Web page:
The EDC includes learning and technology in its remit, and this is perhaps the area which most occupies our coffee breaks. We are watching to see what the e-university gets up to in the next few months. Internally, we are approaching learning & technology from two angles at once. We have technical questions about which products can deliver what we want, are stable and reliable, and can be linked to other products (will the email system talk to the virtual learning environment, will the latter share data with student records? Should programme specifications be held in a data base that links to student transcripts? Can we find ways to minimise the number of logins and passwords students and staff need to use to pick up their emails, access their courses and their library records?) Alongside these issues we have another set: will students and staff on campus use communication tools effectively? Can learning technology address integral pedagogic issues within a wide range of courses so effectively that even if the software package available changed, students and staff would still want the same functions to be available to them? Can the EDC and Information Services staff work with academic colleagues to ensure there are models of good practice of learning technology being used for on-campus teaching in all departments? I suspect like many establishments, the interest, skills and take-up of learning technology across the College is quite uneven. In this area, the variables which are out of our control make this the most exciting, the most high risk, the place where the biggest prizes are on offer and the deepest pits menace. Like other places, I suspect, sometimes we feel behind the curve, and sometimes maybe we aren’t doing too badly, given the scale of changes involved.
As a new Centre (we were established with Teaching Quality Enhancement funding in 2000), we are still setting up functions which colleagues elsewhere will have had for years. We’re currently in the anomalous position of having more provision for our graduate students who teach than for our newly appointed lecturers. An accredited teaching & learning programme for lecturers is planned for September 2002 and we think we have the College’s support in making it a compulsory part of probation for new staff! Whether new staff will have time allowed in their teaching/research requirements to participate in the programme, and whether successful completion will be required to pass probation, are questions still to be resolved.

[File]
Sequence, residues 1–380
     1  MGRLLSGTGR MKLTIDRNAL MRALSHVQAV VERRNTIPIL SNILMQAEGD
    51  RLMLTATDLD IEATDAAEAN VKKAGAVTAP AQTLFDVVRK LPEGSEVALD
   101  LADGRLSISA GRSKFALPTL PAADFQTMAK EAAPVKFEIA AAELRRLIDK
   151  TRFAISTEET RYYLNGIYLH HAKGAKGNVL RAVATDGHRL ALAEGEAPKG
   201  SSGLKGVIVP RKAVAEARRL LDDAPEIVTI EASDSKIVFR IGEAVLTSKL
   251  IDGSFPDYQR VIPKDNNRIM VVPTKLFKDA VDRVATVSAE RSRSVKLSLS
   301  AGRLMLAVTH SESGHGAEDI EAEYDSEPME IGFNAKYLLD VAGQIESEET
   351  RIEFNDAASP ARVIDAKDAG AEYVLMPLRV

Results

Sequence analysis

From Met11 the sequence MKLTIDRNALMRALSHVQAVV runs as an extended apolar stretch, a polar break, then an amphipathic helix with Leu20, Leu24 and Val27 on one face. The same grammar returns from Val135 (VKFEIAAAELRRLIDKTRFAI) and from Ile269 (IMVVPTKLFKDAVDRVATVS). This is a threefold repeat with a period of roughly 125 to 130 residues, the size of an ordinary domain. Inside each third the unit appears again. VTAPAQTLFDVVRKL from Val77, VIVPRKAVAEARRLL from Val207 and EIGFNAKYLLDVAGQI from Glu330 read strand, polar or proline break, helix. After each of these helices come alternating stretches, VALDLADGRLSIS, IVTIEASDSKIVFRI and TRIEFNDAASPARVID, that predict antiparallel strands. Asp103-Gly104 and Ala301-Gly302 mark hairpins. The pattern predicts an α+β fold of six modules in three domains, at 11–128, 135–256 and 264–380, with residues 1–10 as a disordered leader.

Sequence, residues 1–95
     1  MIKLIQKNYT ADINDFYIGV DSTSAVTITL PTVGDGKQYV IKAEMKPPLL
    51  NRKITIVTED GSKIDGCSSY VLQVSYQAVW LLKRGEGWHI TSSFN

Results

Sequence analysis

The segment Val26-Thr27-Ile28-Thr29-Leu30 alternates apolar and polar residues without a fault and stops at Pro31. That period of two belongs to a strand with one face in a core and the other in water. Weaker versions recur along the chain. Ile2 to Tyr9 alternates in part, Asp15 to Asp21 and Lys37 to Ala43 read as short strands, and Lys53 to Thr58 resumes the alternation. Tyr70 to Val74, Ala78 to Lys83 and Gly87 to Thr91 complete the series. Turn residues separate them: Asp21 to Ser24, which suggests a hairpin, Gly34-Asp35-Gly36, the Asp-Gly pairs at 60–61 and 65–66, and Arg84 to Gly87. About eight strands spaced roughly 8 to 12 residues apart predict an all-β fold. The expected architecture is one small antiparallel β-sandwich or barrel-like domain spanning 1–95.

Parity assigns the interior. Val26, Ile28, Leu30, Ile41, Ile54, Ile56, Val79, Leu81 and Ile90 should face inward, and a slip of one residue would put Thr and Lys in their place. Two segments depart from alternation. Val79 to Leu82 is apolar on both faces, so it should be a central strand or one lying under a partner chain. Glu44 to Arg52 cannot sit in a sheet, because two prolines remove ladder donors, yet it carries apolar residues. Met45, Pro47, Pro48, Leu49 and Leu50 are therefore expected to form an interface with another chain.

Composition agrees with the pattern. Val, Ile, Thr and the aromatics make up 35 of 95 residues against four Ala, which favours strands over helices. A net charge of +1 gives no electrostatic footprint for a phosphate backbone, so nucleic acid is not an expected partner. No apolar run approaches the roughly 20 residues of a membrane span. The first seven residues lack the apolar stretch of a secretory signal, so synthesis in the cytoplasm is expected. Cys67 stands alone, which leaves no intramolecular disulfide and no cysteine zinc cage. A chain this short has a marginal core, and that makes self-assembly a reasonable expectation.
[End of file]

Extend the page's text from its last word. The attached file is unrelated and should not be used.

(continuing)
Other priorities for those coffee chats include our external networking activities, talking to our educational development colleagues in other institutions in the region, talking to the subject centres, especially the English Subject Centre, which is based at Royal Holloway, and talking to the national bodies, including SEDA. We’re hoping the 100th Royal Holloway ILT member will pay their membership fee soon, 99 had been accepted by ILT at the last count, which for a small, research-intensive College seems not too bad.
Shân Wareing is the Head of the Educational Development Centre at Royal Holloway, University of London and a SEDA Fellowship holder. She has previously worked at University of Wales College, Newport, University of Surrey, Roehampton, and Kingston University.
This issue contains articles on:
Principles to Support the Enhancement of Teaching and Student Learning: implications for educational developers (Word doc)
Norman Jackson, Senior Professional Advisor, LTSN Generic Centre and University of Surrey
A Review of the Institutional Impact of Recently Appointed Teaching Fellows
Amanda Jefferies and Indra Jones, Department of Computer Science, University of Hertfordshire
A Developer’s Guide Part Five: JISC / DNER Development Programmes
Caroline Ingram, Learning and Teaching Programme Manager, JISC / DNER
Assessing Portfolios – reflections and digressions
Professor Phil Race, Staff Development Officer, University of Leeds
Online Review: The Resource Discovery Network
Dr Stephen Bostock FSEDA, Academic Staff Developer, Department of Academic Affairs, Keele University
Update from Universities UK – time for a strategic approach to enhancement
William Locke, Policies Adviser, Universities UK
Widening Participation – the application of quality, evaluation and research
David Thompson, School of Education, The University of Birmingham
A Developmental Framework for Evaluating Institutional Change
Frances Deepwell and Glynis Cousin, Centre for Higher Education Development, Coventry University
Dialogues – independence
David Baume FSEDA, Higher Education Consultant